J.M.M., J. Khan, R.C.S., D.S.G. and M.A.S. conceived and led the project. M.A.M. and M.M. conceived of and supervised all aspects of the sequencing work at the British Columbia (BC) Cancer Agency Genome Sciences Centre and Broad Institute, respectively. T.J.P. and O.M. performed the analyses and interpreted the results. E.F.A., S.A., J.S.W., K.A.C., M.D., S.J.D., A.C.W., Y.P.M., L.J., T.B., Y.M., J.M.G.-F. and M.D.H. selected and characterized samples, provided disease-specific expertise in data analysis and edited the manuscript. R.S. and W.B.L. provided statistical support and analyses of clinical covariates. D.A., E.S., C. Sougnez, M.D. and J.M.G.A. provided overall project management and quality control support. S.L.C., K.C., M. Hanna, A.K., J. Kim, M.S.L., L.L., A.M., A.H.R., A.S. and C. Stewart supported analysis of somatic and germline alterations in the exome sequencing data. C.S.P. performed the pathogen discovery analysis. I.B., K.L.M., R.C., S.D.J. and J.Q. performed de novo assembly of Illumina sequencing data. Y.Z. led the library construction effort for the Illumina libraries. A.T. and Y.Z. planned the sequencing verification, and A.A. and B.K. performed the experiments. R.D.C. performed copy number analysis of genome sequencing data. M.K. performed verification of candidate rearrangements. N.T. performed gene- and exon-level quantification analysis of RNA-seq data. A.L. and A.H.K. helped interpret data provided by Complete Genomics. R.A.M. and M. Hirst led the sequencing effort for the Illumina genome and transcriptome libraries. S.B.G. and E.S.L. led the sequencing effort for the exome sequencing libraries. G.G. and S.J.M.J. supervised the bioinformatics group at the Broad Institute and BC Cancer Agency Genome Sciences Centre, respectively. T.J.P., O.M., D.S.G., M.A.M., M.M. and J.M.M. cowrote the manuscript with input from all coauthors.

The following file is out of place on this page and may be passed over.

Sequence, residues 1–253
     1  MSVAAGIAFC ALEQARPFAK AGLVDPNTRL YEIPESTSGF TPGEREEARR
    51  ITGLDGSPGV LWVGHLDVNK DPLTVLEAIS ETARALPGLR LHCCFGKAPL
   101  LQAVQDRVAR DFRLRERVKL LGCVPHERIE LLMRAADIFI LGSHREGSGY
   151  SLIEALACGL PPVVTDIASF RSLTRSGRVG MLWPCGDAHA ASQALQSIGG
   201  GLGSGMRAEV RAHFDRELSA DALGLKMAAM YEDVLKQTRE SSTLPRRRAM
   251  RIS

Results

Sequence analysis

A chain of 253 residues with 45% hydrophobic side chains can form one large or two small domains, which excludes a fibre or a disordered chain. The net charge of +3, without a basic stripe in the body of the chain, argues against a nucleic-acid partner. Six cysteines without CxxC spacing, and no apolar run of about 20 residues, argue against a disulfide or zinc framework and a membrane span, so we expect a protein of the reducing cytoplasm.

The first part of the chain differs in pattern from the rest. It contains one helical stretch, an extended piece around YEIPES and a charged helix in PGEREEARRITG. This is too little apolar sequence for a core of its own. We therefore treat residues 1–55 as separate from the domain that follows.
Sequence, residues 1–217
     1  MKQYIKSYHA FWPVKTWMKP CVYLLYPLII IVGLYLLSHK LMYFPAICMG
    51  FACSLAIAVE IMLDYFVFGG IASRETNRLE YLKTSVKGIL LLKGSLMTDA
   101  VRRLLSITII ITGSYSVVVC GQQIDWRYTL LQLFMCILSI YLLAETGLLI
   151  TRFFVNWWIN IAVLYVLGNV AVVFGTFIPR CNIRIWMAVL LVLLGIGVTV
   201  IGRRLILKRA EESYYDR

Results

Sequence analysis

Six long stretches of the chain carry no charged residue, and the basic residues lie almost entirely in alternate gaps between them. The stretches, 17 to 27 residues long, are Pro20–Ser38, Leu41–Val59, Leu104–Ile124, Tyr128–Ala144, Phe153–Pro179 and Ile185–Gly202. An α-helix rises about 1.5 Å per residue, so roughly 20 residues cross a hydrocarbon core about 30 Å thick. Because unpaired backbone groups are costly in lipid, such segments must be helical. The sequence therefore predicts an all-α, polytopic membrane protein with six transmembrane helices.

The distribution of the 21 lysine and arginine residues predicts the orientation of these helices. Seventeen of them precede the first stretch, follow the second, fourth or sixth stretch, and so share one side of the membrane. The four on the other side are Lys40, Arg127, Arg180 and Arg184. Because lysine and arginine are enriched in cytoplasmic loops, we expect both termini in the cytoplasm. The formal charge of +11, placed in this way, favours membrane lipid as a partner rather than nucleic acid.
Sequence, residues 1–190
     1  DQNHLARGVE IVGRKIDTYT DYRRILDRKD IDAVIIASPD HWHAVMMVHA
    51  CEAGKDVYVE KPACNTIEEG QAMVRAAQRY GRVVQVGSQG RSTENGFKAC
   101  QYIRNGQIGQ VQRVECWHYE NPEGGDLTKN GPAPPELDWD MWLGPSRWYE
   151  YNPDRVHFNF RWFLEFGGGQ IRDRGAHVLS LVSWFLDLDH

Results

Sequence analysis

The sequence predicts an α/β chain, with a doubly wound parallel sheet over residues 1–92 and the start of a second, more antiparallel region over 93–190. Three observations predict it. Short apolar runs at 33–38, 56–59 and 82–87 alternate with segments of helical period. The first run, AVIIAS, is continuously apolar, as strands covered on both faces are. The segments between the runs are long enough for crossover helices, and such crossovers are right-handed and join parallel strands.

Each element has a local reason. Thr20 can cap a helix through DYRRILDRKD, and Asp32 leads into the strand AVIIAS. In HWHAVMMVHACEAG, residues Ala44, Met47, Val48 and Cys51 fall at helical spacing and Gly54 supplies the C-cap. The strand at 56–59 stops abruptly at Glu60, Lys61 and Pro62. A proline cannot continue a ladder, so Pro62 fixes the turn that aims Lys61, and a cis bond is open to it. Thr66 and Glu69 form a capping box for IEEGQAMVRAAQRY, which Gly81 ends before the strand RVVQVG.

Competing interests

M.M. is a paid consultant for and equity holder in Foundation Medicine, a genomics-based oncology diagnostics company, and is a paid consultant for Novartis.

Corresponding authors

Correspondence to Marco A Marra or Matthew Meyerson or John M Maris.

Supplementary information

PDF files

  1. 1.

    Supplementary Text and Figures

    Supplementary Note, Supplementary Tables 11–14 and Supplementary Figures 1–10

Excel files

  1. 1.

    Supplementary Table 1

    Master data table: Clinical and molecular data for all neuroblastoma cases including identifiers from other databases, sequencing technologies used, clinical and biological covariates, and matrix of mutation calls

  2. 2.

    Supplementary Table 2

    Coverage: Fraction of bases in each exon with sufficient coverage for mutation detection

  3. 3.

    Supplementary Table 3

    Full mutation list: All coding somatic mutations called in all cases

  4. 4.

    Supplementary Table 4

    Mutation frequency correlates: Statistical comparison of mutation frequency distributions (Kolmogorov-Smirnov) when comparing cases by clinical and biological variables

  5. 5.

    Supplementary Table 5

    Pathogens: Counts of sequencing reads in exome capture libraries corresponding to known viruses

  6. 6.

    Supplementary Table 6

    MutSig: Significance analysis of somatic mutation frequency in all genes and a focused set of genes listed in the Catalogue of Somatic Mutations in Cancer

  7. 7.

    Supplementary Table 7

    Gene set significance analysis: Full list of pathways, member genes, mutated genes, and significance values as calculated by MutSig with and without significantly mutated genes

  8. 8.

    Supplementary Table 8

    Structural rearrangements: All structural variants detected in neuroblastoma genomes or transcriptomes

  9. 9.

    Supplementary Table 9

    Significance analysis of germline ClinVar variation: List of all genes tested for enrichment in neuroblastoma of ClinVar variants

  10. 10.

    Supplementary Table 10

    Significance analysis of germline loss-of-function variants in Cancer Census, cancer syndrome, or DNA repair genes

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DOI

https://doi.org/10.1038/ng.2529